The Bare Soul - August 26, 2012
Chronic Injury

Luke 10:19 - Behold, I have given you authority to tread on serpents and scorpions, and over all the power of the enemy, and nothing will injure you.

When I was a kid, it seemed like I was regularly in the emergency room. Though never admitted into a hospital for surgery or long-term physical treatment, I had plenty of occasions where I required stitches. These were generally from carelessness and not watching what I was doing. Once, a ladder that was leaned up against our two-story clubhouse blew over and crashed into my head. Fifteen stitches were the result of not watching what was going on around me. Another time, I was walking down a set of steps on a slide. I slipped and a bolt protruding at the bottom ripped my leg open where a dozen or so stitches were needed. I could relate many other instances, but the two mentioned will make my point. If I had paid better attention to my surroundings and not tempted fate by my carelessness, then things would have undoubtedly turned out differently. As I grew older, I learned important lessons in this regard. If we learn to heed warnings and obey common sense, then we generally are safe in our surroundings. However, if we take chances and go against better judgment, then the opposite can and often does occur.

I should clarify that taking chances is not necessarily wrong. Often, we must step out and take calculated risks in our personal lives. Businesses would never prosper without a certain amount of anticipated jeopardy as they invest capital to create more wealth. Similarly, we must weigh the possibility of personal loss and gain as we make a myriad of decisions daily. The key is to minimize loss. If we operate within safe boundaries, we will often achieve this goal. However, once we step out of obedience regarding known wisdom, then we allow ourselves to be subject to personal harm. That is why most financial planners suggest a long-term strategy for growing assets. Small rather than large adjustments can be made along the way without dramatic changes to a wealth portfolio. As with business, this paradigm is also true in the spiritual realm regarding building spiritual affluence. It often comes as a result of slow, methodical growth through faith and obedience. The spiritual rocket fuel in this equation is generally God's wisdom.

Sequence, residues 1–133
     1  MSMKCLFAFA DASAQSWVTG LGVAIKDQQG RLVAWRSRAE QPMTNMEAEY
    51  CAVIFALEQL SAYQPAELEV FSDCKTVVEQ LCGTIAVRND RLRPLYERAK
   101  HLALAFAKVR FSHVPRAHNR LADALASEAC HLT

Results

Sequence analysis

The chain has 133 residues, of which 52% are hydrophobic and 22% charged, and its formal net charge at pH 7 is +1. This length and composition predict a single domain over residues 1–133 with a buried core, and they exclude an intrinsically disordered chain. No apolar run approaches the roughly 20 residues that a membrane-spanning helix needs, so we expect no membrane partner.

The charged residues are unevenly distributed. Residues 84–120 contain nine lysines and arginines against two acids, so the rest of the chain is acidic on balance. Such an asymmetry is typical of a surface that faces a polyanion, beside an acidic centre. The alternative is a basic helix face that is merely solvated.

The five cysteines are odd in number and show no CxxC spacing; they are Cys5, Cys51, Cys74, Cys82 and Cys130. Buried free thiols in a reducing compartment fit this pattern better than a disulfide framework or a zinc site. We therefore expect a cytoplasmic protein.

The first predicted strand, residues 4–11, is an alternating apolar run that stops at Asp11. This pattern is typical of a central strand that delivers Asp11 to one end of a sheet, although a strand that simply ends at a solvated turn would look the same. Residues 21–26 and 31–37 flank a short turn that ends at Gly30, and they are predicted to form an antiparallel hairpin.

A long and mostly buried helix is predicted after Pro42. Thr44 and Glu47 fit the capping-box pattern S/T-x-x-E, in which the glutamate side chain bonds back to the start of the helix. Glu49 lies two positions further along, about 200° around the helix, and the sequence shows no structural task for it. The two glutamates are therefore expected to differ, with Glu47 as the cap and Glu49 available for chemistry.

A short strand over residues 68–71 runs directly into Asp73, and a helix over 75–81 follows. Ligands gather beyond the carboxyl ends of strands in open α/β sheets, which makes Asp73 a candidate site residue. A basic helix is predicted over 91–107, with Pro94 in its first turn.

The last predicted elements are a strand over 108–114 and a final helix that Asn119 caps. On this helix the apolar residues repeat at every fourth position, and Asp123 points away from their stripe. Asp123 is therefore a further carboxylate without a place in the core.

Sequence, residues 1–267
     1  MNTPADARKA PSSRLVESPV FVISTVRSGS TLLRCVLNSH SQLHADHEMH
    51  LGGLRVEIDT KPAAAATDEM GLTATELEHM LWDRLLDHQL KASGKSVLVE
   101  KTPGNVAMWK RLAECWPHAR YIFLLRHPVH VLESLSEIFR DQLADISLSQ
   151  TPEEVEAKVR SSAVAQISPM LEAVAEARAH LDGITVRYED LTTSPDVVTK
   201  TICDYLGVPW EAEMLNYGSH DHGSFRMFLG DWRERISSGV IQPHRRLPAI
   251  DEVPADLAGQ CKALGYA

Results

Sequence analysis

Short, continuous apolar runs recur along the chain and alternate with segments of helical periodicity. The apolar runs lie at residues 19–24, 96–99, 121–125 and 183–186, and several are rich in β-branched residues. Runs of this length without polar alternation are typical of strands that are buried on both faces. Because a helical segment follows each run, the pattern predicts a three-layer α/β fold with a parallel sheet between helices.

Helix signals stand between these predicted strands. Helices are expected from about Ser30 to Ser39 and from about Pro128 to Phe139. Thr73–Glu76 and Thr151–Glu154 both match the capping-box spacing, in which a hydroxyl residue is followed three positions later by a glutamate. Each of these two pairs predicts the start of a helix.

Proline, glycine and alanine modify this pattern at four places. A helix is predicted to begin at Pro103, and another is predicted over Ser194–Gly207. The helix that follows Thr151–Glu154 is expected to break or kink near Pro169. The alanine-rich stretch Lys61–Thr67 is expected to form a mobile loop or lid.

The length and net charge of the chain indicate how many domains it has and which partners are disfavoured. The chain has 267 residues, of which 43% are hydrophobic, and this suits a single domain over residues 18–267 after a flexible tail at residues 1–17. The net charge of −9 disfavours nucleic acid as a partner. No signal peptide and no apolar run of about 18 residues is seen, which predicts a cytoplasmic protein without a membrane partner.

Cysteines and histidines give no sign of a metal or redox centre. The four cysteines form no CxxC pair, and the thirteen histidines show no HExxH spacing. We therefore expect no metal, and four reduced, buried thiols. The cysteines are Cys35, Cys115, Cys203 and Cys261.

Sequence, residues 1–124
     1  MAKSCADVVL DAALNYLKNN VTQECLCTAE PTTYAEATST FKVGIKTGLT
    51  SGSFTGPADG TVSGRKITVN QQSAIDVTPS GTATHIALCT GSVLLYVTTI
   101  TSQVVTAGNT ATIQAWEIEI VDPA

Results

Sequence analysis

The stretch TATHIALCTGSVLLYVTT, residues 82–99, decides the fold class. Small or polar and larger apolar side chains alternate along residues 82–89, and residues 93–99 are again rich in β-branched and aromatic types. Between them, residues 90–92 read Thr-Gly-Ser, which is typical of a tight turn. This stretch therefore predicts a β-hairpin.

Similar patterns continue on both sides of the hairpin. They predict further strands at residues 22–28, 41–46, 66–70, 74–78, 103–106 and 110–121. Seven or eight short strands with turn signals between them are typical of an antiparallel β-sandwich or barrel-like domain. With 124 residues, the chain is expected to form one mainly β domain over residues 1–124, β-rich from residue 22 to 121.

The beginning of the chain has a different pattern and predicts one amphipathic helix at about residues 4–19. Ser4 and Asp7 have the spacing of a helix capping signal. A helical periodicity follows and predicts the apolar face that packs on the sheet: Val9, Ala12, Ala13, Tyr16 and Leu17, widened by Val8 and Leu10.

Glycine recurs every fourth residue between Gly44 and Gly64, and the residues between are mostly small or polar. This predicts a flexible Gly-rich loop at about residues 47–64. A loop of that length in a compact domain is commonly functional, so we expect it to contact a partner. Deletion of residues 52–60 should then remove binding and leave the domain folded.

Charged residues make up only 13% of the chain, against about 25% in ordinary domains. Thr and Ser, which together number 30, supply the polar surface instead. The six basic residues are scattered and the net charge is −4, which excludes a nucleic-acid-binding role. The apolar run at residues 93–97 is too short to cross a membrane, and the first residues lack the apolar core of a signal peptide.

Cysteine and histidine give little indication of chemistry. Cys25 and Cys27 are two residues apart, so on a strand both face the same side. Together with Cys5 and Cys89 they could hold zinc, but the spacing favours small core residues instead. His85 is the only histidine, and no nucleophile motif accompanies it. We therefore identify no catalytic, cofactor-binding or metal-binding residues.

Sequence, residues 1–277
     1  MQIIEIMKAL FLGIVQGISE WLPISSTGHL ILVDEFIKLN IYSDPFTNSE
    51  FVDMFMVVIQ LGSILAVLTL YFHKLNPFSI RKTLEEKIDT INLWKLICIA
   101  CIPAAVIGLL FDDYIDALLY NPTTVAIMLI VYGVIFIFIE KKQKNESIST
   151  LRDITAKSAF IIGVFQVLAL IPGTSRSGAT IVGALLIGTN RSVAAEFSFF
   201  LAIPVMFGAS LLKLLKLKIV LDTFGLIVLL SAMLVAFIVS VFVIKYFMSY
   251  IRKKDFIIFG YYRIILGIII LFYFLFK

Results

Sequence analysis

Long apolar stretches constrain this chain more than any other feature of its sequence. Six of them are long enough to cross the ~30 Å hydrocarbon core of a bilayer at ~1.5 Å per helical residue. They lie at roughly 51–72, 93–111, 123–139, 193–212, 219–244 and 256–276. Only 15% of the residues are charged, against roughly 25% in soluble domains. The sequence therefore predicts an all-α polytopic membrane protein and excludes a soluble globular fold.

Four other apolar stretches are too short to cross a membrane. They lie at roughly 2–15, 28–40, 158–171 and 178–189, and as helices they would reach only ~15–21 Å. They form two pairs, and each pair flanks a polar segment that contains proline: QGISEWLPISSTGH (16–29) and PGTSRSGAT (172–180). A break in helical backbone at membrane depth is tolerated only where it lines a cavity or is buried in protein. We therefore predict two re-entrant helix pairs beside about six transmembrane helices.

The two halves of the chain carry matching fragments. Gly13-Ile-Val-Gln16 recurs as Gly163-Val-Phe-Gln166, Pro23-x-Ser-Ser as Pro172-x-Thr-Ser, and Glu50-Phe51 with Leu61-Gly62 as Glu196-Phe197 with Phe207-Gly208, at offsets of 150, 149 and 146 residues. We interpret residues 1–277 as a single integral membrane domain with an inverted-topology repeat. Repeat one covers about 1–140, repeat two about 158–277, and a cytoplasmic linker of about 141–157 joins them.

As our lead verse states, Jesus has granted His disciples "authority to tread on serpents and scorpions." However, authority is often different than permission to act. Just because we have the right does not necessarily mean we have allowed faith and obedience to mature us to the point of victory in a given situation. The seven sons of Sceva learned this the hard way. While they mentally understood there was power in the Name of Jesus, they did not possess the faith generated by heart wisdom. Therefore, this presumptive exorcism was a case of blatant disobedience grounded in unbelief, leading to their injuries as the demons shamed them (see Acts 19:13-16). However, in another instance, John reported to Jesus how someone was casting out demons in the Name of Jesus and how the disciples attempted to stop him because he was not following them. Jesus tells John to leave him be, saying that if he was not against them he was for them (Acts 19:13-16). In other words, I believe the Lord was saying if he is operating in faith and obedience with heart wisdom, that he was fulfilling the authority of Christ through faith and obedience. This man understood his influence over Satan's realm through Christ's Name and he obviously stepped out in faith and obedience to demonstrate it.

Whether we believe the Lord's statement regarding our position in Him is superfluous regarding the reality. As the Lord told His disciples, we all have the authority to exercise our rights over Satan's kingdom. Yet, do we have the wisdom that is born out of faith and obedience through our daily walk? The reason why many Christians are continually getting injured by the enemy is because of their supposed faith not working through obedience. As the sons of Sceva, we want to rush out and do great things for God without a depth of relationship. (When Paul was exorcising demons at the church of Ephesus, he had been walking with the Lord Jesus for at least 20 years!) Once we choose to obey God, He will begin to work within us the faith to remove mountains (see Luke 17:5-10). Faith of this type may take years to mature. However, once we start obeying, trust becomes evident, whereby faith can grown and flow. Injury -- physically, emotionally, or spiritually -- is not the heritage of a child of God. It usually comes through unbelief rooted in sentimentality -- that God is not able to do what He says or through presumption when we get ahead of God's wisdom. May we all lean to trust and obey and allow faith to grow, healing all perceived injuries as we trample the enemy of our souls.

Heavenly Father, may our faith and obedience grow with wisdom to use Your authority as You direct. May we never get ahead of you in presumptive arrogance, nor behind you in unbelief due to lack of wisdom. Give us the spiritual knowledge to walk with You, treading down the kingdom of darkness. In Jesus' Name, Amen.

Your Barefoot Servant,


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